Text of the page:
This week alone, I used the combination of ground venison and ground beef for meatloaf and shepherd's pie.
Is this recipe hard to make?
I have to give my husband, Scott, credit for developing this recipe. He said it was not hard at all.
He prepared this roast the first time completely on his own, including wrapping the bacon and roasting it in the oven. He is handy with a knife because he dresses and processes the deer himself most of the time.
I usually do the cooking but he surprised me with this roast one day while I wasn't at home. If he can do it, you can too! The pictures you see here are my own but his photos were on this post until I updated them recently.
We believe in "If you kill it, you cook it" when it comes to game animals.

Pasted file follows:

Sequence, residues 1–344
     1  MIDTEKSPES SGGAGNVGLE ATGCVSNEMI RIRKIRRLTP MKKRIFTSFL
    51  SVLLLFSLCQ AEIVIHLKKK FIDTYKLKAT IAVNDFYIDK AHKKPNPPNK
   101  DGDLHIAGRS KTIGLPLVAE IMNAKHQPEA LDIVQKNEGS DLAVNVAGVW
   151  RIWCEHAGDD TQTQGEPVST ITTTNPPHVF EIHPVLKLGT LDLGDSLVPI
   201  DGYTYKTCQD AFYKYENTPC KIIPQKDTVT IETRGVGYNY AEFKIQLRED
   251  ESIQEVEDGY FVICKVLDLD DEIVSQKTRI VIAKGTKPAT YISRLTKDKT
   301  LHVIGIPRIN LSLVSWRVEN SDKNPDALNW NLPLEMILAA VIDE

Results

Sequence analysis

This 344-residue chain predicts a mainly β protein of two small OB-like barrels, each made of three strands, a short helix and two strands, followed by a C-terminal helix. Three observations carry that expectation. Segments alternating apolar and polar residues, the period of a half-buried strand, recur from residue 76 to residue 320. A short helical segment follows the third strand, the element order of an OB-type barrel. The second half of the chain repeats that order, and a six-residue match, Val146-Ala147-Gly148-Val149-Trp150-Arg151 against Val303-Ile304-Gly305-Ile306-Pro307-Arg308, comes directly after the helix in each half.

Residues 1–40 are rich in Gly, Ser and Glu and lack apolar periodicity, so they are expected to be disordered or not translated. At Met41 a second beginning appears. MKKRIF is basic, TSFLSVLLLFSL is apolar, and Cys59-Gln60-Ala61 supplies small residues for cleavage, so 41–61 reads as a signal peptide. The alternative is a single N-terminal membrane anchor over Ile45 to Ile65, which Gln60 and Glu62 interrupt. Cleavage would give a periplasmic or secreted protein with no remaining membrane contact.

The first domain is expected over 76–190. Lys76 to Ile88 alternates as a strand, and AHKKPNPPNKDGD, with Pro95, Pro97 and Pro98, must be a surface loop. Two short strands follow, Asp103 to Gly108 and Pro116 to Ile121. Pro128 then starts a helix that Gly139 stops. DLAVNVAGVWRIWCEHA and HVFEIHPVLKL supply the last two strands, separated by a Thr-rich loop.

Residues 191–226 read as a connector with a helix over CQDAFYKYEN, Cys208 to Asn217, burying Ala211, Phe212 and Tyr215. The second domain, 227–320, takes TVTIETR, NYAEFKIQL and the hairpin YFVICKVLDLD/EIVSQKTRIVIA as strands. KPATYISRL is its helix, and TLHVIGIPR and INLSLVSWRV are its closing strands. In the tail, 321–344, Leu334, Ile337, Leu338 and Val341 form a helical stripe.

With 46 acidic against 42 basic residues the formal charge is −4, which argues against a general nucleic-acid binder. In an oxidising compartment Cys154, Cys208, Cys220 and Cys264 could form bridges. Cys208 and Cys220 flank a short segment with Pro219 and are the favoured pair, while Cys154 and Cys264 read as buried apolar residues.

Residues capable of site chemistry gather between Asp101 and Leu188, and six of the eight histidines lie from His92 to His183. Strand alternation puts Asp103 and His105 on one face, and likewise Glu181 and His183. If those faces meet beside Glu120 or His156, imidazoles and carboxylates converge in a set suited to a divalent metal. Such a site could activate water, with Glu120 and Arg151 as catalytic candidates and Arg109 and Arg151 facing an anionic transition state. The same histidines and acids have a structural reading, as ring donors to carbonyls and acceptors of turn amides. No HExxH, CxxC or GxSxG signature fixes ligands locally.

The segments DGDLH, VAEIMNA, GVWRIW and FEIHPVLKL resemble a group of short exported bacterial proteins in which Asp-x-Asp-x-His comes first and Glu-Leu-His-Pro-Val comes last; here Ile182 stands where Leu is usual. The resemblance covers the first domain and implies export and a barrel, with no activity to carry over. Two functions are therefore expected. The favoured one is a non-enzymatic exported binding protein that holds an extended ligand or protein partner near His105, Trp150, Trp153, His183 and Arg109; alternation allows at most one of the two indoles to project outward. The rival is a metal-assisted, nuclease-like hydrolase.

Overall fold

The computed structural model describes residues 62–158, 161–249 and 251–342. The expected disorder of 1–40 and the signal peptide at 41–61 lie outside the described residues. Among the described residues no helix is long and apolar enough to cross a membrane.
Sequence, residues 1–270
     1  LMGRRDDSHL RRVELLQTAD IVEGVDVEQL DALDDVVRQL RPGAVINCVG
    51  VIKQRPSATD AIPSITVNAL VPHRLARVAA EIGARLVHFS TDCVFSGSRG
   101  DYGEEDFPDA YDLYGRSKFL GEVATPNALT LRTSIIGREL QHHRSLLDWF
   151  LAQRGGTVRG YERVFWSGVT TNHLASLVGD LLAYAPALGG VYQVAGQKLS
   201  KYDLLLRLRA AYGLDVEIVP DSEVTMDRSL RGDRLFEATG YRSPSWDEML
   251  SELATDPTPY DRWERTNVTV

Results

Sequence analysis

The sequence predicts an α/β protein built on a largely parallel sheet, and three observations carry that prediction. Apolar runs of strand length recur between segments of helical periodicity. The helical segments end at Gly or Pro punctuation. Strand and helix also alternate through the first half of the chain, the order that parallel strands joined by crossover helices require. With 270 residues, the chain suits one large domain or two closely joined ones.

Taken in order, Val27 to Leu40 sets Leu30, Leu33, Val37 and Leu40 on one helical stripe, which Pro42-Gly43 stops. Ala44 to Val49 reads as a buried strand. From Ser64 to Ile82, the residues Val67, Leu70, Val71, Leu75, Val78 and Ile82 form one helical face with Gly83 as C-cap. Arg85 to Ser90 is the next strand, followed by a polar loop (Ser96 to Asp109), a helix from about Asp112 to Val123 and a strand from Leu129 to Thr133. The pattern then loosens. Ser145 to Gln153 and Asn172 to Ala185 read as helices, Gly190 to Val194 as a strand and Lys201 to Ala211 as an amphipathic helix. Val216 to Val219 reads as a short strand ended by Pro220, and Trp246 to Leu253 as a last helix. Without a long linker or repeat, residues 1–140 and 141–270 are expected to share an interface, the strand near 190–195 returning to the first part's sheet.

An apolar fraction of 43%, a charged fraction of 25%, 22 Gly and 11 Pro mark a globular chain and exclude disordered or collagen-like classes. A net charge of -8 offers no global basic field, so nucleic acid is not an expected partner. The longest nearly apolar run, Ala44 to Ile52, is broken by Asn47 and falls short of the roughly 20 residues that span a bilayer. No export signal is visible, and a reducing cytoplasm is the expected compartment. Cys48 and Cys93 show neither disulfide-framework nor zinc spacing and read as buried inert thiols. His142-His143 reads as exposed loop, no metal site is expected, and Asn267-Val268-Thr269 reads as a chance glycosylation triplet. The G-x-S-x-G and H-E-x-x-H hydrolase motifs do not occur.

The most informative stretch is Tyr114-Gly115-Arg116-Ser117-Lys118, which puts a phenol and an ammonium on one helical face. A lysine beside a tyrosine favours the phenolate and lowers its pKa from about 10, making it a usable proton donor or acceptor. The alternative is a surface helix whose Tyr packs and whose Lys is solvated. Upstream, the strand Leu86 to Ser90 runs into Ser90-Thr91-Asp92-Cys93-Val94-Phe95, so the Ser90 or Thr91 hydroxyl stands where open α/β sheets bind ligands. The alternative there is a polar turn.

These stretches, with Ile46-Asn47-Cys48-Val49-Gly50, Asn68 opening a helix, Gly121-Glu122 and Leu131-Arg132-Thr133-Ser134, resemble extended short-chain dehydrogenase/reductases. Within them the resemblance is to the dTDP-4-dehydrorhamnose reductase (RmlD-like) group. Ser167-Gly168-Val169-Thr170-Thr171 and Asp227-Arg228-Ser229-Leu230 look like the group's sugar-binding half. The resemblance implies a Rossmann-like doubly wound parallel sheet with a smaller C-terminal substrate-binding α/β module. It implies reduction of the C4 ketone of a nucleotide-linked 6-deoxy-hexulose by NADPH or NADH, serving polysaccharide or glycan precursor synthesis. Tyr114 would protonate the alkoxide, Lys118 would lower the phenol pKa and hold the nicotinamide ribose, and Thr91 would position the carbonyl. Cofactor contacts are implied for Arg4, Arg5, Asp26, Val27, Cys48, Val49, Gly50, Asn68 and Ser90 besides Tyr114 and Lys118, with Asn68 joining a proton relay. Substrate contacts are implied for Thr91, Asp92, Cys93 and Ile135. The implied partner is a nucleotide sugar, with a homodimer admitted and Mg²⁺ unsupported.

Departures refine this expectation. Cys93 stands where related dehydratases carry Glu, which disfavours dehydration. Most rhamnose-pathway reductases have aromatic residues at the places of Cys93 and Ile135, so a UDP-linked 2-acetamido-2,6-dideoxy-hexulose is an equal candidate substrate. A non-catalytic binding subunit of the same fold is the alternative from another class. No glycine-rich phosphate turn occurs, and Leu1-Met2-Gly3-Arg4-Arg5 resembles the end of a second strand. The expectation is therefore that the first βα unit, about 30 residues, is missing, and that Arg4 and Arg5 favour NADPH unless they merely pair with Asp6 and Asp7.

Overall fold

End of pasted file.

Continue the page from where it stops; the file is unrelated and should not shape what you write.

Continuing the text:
This roast was cooked to somewhere between medium and medium-well to suit me (the Queen of this domain), but the men in the house prefer it more on the medium-rare side.
I recommend using a digital in-oven meat thermometer. It takes all the guess work out of reaching exactly the internal temperature you desire.
In case you didn't know, the internal temperature will continue to rise about 5 degrees after you remove it from the oven, so, if you want your roast to end up at 150 degrees, take it out of the oven at 145 degrees.
The reason for letting it stand 10 minutes before slicing isn't to let it cool down enough to eat. While cooking, the heat causes the juices to head toward the center of the roast.
If you cut it immediately, you will lose all those juices. If you let it rest just a few minutes, it gives it time to reabsorb the juices making the roast juicier. Ok. Enough of the food science-I just love it, though!
Scott prepped and cooked this particular roast and took the how-to pics with his phone. His was a little bigger than the one in my photos below.
Here he is trimming the silver skin. It is a very lean cut of meat so not much fat to trim.